This year marks the fiftieth anniversary of the publication of Zen Mind, Beginners Mind. The inspiring collection of Suzuki-roshi’s plain-speaking Dharma talks – presented at Haiku Zendo in the 1960s – introduced Zen practice and its relationship to daily life to millions of ordinary people in the U.S. and around the world. Thanks to this book, Suzuki-roshi became famous for his spoken words. Yet he had a less public dimension that eloquently expressed his wisdom in the immediacy of the present moment. The following story is one example of the quieter side of our founder.
In December, 1966, energized by Suzuki-roshi’s vision of Zen in America, San Francisco Zen Center purchased the Tassajara Hot Springs resort. In July the following year, it opened as the first Zen monastery outside of Asia. For the next several months, interest and excitement grew in the U.S. among the increasing number of scholars and writers who had been exploring Buddhism since the mid-20th century.
In August 1968, after two years of Zen practice and three months prior to moving to Haiku Zendo as resident caretakers, my family and I scheduled a three-day visit to Tassajara, open to guests during the summer. Coincidently, our weekend coincided with a significant event: the formal initiation of Suzuki-roshi’s monastery in America.
When we arrived midday Friday, an entourage of eight Japanese Zen teachers had already been at Tassajara for several days. Saturday morning was the highlight of the weekend: Suzuki-roshi and three other well-known roshis were introduced to an assembly of over 100 scholars and students, all crowded into the zendo, the converted gambling hall and bar of the early 1900s resort.
Yasutani-roshi was 83 at the time. Since 1962, he had been commuting between Japan and the U.S., conducting sesshins, never staying in one place. He was a dynamic presence, emphasizing the use of of koans, using the kyosaku (so-called “awakening stick”), yelling at students, and criticizing the Soto Zen school as being soft hearted.
Soen Nakagawa-roshi, a Rinzai priest, helped found the Dai Bosatsu monastery in the Catskills in upstate New York. Described as “enigmatic,” he was dramatic in voice and gestures.
Eido Tai Shimano, a Dharma heir of Nakagawa-roshi, founded the New York zendo and the Dai Bosatsu monastery.
Each of the three visiting roshis gave rather lengthy talks, followed by questions from the audience. When the questions ceased, a silence came over the zendo. I stood up and asked the final question: “What is the best way to spread Zen in America?” The three roshis huddled, along with Maezumi-roshi from the Los Angeles Zen Center, who was translating. He announced that each roshi would answer the question in turn.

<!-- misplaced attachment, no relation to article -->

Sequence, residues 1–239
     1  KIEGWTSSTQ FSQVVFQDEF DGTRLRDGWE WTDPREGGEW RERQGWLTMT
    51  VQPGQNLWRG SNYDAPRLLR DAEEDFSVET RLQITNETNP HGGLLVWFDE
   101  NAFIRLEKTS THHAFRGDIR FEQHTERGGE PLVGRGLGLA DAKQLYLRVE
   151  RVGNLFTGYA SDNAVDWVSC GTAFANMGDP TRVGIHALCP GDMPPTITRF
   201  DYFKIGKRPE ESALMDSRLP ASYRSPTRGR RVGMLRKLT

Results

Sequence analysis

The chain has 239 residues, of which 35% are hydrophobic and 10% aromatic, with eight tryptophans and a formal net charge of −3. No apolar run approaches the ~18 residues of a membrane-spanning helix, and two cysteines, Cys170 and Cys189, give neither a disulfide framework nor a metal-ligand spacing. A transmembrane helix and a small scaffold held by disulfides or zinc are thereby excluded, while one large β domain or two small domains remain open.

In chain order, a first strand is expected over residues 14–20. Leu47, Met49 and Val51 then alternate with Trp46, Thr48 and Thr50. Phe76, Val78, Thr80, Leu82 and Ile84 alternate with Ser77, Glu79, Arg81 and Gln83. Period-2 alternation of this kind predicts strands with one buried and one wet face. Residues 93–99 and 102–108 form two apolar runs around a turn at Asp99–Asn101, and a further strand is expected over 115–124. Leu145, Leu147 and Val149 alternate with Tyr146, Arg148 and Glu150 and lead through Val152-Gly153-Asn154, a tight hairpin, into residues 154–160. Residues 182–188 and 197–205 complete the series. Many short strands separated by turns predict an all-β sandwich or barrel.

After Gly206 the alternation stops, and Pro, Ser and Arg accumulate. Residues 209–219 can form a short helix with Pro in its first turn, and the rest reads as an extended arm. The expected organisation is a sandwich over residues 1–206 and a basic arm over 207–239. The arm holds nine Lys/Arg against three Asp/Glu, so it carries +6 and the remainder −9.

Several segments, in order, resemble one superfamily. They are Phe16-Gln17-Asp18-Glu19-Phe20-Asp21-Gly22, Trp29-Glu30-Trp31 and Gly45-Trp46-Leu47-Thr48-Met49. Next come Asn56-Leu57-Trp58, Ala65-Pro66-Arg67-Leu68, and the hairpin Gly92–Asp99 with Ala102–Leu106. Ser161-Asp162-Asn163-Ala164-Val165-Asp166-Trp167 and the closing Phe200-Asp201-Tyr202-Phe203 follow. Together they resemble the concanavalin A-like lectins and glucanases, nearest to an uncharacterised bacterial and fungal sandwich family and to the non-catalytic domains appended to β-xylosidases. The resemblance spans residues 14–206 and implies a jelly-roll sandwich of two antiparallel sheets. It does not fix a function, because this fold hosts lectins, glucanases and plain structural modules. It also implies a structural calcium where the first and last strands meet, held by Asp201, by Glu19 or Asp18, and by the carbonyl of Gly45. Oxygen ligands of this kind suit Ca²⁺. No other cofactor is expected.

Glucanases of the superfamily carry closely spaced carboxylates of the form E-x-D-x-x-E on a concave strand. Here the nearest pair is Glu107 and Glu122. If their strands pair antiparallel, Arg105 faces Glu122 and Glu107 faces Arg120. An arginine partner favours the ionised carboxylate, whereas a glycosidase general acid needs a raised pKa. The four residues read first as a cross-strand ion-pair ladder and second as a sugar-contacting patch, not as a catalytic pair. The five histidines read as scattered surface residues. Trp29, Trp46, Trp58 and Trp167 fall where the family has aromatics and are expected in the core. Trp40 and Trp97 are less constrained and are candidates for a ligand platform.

Yasutani-roshi forcefully emphasized “Get enlightenment!” and “You must die!”
Nakagawa-roshi was vocal and demonstrative. He emphasized building zendos.
Shimano-roshi was also dynamic and dramatic, walking back and forth across the stage.
His message was: “Do sesshin!”
When it came his turn to speak, Suzuki-roshi stood up, said “I have nothing to say” and walked out the side door of the zendo.
The three guest roshis provided the kind of answers we expect in everyday affairs, rational responses to questions we ask of individuals who have more knowledge of a subject than we do.
Suzuki-roshi literally turned his back on all that.
Informative, common sense answers do not always serve us well in our efforts to find wisdom and authenticity. Zen is famous for turning away from the thought processes of a rational mind, instead responding to the moment unencumbered by memory, unexamined experiences, or an entrenched belief. Teachers abruptly reoriented a question or dialog, providing enigmatic responses without explanations. Their purpose was to keep their disciples off guard, avoiding the smugness of a well-defined answer.
So we read how Bodhidharma treated emperor Wu in China, who asks, “What is the highest truth?” Bodhidharma answers, “Vast emptiness, no holiness.” Centuries later, a monk asks Joshu: “Who is Buddha?” Joshu replies: “Who are you?”
Suzuki-roshi was mindful of how he answered questions. As he says in Zen Mind:
“A mind full of preconceived ideas, subjective intentions, or habits is not open to things as they are.”
As he walked off the stage and out of the Tassajara zendo that day in 1968, he expressed beginner’s mind with very few words. Kannon Do continues the practice begun at Haiku Zendo over fifty years ago. We are all Suzuki-roshi’s successors in the 21st century. Together, let’s continue to make his practice available to a challenging world.
Abbot of Kannon Do